Ms. Marvel pokes fun at every superhero workout montage

The following contains spoilers for Ms. Marvel Season 1, Episode 2, “Crushed,” now streaming on Disney+.

Ever since Marvel made movies, an animated workout routine and six-pack abs have been the way to show that an ordinary human being has finally become a superhero. Intelligence, courage and conscious control of abilities have never been too important…until Ms. Marvel had its own version of the training montage.

The gratuitous disappearance of a shirt is the one constant in every male-led superhero movie/TV show – a shirtless, sweaty shot that lingers just long enough to make viewers pass out or gag. With characters whose strength doesn’t matter (i.e. Chris Pratt’s Star-Lord in guardians of the galaxy or Stephen Strange in strange doctor), the shirtless shot is still a must-have, because apparently the creators behind superhero movies still think eye candy is what makes those movies successful at the box office or on Disney+. Even Vision, the android everyone forgot about in the Marvel Cinematic Universe, has abs.

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Some films go even further by including a montage of the main character(s) training to up their hero game. Sam Wilson had to improve his workout routine by The Falcon and the Winter Soldier as the new Captain America. Bruce Wayne almost always has to lift weights and do cardio before taking on a new villain. This gets viewers excited for the fight they’re about to witness and ensures they won’t question how prepared the good guys are – because somehow a physical torn automatically means victory for the hero.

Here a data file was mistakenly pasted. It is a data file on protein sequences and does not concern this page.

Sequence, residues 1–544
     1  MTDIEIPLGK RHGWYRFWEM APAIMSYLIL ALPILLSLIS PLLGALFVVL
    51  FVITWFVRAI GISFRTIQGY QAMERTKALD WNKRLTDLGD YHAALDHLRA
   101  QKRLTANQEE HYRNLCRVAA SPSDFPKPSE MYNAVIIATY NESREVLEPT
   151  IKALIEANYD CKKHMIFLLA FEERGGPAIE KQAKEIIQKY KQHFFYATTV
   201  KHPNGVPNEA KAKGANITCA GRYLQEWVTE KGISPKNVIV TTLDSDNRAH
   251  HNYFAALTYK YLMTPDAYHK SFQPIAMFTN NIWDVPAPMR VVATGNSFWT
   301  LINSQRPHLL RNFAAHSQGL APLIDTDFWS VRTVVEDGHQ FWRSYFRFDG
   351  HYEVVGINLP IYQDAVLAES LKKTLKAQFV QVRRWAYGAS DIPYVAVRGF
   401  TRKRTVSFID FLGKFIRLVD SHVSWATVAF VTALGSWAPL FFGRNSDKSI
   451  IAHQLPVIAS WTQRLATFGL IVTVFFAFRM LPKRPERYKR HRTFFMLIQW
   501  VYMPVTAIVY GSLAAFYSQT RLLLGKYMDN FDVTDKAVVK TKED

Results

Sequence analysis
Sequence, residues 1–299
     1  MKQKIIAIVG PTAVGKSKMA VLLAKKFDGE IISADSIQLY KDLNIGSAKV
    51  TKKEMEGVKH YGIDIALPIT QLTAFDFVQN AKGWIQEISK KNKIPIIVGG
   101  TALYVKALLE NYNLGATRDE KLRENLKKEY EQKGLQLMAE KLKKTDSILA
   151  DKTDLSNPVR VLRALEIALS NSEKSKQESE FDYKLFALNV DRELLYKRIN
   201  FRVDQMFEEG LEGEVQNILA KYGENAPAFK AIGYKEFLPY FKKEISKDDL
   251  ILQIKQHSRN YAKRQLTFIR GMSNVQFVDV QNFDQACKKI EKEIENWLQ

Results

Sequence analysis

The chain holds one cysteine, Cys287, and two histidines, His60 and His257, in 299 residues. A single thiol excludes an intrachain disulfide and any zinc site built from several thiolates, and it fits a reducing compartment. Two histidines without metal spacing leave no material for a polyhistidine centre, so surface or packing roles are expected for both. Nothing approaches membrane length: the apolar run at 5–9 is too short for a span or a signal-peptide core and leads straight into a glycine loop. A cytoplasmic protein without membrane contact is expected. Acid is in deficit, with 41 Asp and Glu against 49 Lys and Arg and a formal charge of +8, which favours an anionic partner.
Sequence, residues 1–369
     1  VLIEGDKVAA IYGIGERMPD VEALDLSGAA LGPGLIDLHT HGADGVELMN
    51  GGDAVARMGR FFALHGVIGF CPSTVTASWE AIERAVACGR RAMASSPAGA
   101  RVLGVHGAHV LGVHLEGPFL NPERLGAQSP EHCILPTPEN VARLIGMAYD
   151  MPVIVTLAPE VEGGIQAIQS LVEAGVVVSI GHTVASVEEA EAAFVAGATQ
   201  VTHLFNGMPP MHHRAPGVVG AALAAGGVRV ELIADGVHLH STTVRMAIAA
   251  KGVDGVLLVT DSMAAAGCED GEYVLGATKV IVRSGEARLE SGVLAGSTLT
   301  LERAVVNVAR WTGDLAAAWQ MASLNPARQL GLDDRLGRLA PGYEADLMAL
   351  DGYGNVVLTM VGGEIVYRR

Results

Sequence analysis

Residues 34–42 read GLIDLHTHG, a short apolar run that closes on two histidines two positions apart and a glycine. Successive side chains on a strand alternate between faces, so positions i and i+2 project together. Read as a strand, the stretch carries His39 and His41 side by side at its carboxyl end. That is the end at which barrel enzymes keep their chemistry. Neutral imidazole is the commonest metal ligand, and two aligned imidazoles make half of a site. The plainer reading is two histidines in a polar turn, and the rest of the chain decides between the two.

But more recently, the MCU has cut back on its shirtless editing and shooting game. Granted, Thor has plenty of nudity in the Thor: Love and Thunder trailer, but Taika Waititi can’t help but laugh at everyone drooling over the almighty glory that is Thor’s body. And as more and more superheroes find their callings — especially on the cosmic and magical side — shirtless thirst traps and workout montages become an obsolete, objectifying trope of the past. Ms. Marvel shows the innocent and playful side of these training sequences, giving a more realistic approach to how someone with superpowers would start their path to heroism.

Kind of like how Shazam! used the youthful superhero obsession to initiate Billy Batson’s training as Shazam, Kamala Khan almost immediately tries out her newfound powers to become the superhero she’s always dreamed of being. With the help of Bruno, the MCU’s possible new Iron Man, Kamala begins training to perform to her full potential. But things start off a little rough when she tries to do it the old-fashioned way. Steve Rogers or Bruce Wayne may need to do a few tricks or push-ups to get into their superhero mindset, but it’s clear from the start that isn’t Kamala’s approach. After all, she said gym class wasn’t where she shone.

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The immediate aversion to the physicality of one’s training is a step towards proving that physicality does not make a person a hero. Thor: Love and Thunder seems not to have taken this memo; the trailer also shows Thor’s own montage of working out to get in shape, but that could be a way to signify Thor getting more confident with himself again. Ms. Marvel has a more progressive Kamala way of feeling like a hero. She discovers the extent of her powers through trial and error, and though her first real superhero moment almost leads to disaster, she knows what not to do the next time.

In a certain way, Ms. Marvel still follows the age-old trope of training editing that has become popular in Rocky. Krewella and NERVO’s “Goddess” serves as a motivational anthem that slips a pop culture reference into the show, and it more or less shows how quickly Kamala is adjusting to her newfound personal powers. But her training signifies a new era of heroes – one that doesn’t rely on attractiveness or top-notch fitness to define her as super.

To see Kamala Khan redefine the workout trope, watch Ms. Marvel every Wednesday on Disney+.

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